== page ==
Thursday, May 6, 2010

A Requiem for Robin Roberts

The death of Philadelphia Phillies legend Robin Roberts is a sad loss to Phillies fans everywhere. He may have been the greatest right-handed pitcher in Phillies history (it’s either Roberts or Grover Cleveland Alexander). No other Phillies right-hander ever won more games than Roberts did.

Roberts was not only a stalwart pitcher for the Phillies but he was one of the best pitchers in the National League in the 1950s. He won twenty or more games in six consecutive seasons. In 1952 he won 28 games. No other National League pitcher has equaled that since. Pittsburgh Pirates slugger Ralph Kiner said that Roberts was the toughest pitcher he ever faced.

Roberts won 286 games and lost 245. His winning percentage as a pitcher was .539% which was 33 points better than the teams he played for. That was the tragedy of Robin Roberts’ career. If Roberts had pitched for the New York Yankees or the Brooklyn Dodgers, he would definitely have won 300 games. Instead he toiled nineteen seasons for mediocre teams—a diamond in the rough. There are other great baseball pitchers who suffered the same fate. Nap Rucker for the Brooklyn Dodgers during the 1900s and 1910s; Washington Senators immortal Walter Johnson is another example.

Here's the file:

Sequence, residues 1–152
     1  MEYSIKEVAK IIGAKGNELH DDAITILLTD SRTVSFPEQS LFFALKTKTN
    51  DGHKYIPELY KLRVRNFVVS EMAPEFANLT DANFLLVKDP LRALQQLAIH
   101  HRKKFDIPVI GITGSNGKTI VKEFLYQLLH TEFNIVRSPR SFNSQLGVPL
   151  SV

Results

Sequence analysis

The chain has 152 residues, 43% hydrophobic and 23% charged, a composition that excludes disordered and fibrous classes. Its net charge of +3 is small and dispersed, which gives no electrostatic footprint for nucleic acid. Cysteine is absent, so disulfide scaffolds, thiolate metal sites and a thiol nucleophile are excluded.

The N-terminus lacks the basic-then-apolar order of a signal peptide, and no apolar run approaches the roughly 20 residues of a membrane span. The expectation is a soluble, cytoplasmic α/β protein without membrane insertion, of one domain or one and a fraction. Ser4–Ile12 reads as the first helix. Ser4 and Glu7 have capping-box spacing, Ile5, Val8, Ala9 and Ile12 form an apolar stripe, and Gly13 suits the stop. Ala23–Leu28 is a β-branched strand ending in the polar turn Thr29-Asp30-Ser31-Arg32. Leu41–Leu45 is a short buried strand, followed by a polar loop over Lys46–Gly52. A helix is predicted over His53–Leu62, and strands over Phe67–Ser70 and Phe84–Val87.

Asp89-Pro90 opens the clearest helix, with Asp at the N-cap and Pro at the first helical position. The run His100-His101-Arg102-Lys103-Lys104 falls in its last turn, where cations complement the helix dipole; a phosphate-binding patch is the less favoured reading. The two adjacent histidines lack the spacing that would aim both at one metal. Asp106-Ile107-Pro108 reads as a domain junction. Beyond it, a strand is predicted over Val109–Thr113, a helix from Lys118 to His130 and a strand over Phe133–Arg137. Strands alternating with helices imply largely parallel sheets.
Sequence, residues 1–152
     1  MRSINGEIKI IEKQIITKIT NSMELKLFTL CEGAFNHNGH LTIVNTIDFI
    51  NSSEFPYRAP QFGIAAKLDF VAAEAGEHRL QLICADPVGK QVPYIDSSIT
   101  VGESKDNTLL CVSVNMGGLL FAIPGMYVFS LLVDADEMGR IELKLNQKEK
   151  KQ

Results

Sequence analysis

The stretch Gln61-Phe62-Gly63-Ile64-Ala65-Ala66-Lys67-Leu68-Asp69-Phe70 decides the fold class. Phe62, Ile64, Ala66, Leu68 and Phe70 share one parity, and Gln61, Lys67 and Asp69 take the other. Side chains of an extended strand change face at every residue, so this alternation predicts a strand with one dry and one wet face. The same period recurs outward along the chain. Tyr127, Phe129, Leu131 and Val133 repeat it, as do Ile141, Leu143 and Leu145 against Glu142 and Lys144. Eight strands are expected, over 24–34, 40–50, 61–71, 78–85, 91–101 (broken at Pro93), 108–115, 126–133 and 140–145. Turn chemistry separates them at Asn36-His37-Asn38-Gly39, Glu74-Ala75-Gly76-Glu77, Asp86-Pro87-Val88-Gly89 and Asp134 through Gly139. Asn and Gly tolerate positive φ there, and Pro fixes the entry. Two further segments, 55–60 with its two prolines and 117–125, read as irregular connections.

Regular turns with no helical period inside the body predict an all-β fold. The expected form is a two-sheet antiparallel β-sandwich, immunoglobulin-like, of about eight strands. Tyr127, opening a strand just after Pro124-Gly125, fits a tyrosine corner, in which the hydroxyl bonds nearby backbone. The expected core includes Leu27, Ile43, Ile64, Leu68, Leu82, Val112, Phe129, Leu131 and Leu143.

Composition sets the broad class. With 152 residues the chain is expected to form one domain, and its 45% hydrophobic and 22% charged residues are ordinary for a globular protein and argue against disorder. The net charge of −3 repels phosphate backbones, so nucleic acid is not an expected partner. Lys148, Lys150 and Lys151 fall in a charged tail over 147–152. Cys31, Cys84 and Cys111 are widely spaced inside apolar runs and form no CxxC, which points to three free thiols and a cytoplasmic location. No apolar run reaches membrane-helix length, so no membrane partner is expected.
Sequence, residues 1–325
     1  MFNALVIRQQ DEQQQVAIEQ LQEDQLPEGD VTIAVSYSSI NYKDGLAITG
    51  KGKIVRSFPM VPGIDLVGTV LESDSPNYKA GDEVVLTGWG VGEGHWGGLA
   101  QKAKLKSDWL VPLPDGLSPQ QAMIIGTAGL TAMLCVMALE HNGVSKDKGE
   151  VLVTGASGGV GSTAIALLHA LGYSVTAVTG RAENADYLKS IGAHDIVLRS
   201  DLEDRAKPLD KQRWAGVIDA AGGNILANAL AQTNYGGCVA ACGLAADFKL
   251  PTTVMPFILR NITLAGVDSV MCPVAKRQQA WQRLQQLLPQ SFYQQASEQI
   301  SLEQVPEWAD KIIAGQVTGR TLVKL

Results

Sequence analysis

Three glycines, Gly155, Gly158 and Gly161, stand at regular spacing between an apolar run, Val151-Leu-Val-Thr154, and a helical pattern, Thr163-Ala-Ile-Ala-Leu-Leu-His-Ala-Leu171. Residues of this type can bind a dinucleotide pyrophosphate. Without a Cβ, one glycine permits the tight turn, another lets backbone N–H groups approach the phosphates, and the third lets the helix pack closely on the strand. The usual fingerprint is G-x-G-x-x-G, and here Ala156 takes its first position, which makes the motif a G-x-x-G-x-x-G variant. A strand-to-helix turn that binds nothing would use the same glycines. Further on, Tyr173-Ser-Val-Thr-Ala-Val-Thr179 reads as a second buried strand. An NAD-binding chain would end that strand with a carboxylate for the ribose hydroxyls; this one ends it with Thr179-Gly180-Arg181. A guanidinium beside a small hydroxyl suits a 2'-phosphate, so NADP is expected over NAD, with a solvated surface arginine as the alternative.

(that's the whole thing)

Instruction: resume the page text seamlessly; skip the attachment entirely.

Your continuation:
Every fourth day the Phillies would give Roberts the ball and every fourth day he would take on the best pitchers of the other seven National League teams. (His head-to-head match-ups with Dodgers great Don Newcombe were epic battles). Sometimes Roberts didn’t pitch every fourth day. During the final week of the 1950 Season where the Phillies were vying with the Dodgers of the National League pennant, Roberts had to pitch three times in five days. Name a top pitcher today who would be willing to do that for his team?

Roberts was a class act on the mound. One of his flaws was that he gave up a lot of gopher balls. One reason for that was he never threw at batters. In an era where the purpose pitch was a vital tool in a major league’s pitcher’s arsenal, Roberts eschewed the bean-ball. That meant hitters could dig in on Roberts. Roberts was a class act off the field too. He was an ardent advocate for the Baseball Players’ Association and when baseball was integrating racially he was a positive presence to African-American players who became his teammates.

When we lose players like Robin Roberts we are losing something more. Roberts was the last vestige of an era of baseball where there were no steroids; no illegal drugs; no Astro-turf; no games interrupted so that a top rock and roll band can perform its newest hit single and other associated nonsense like that. We’re going to miss him.

Rest in peace.

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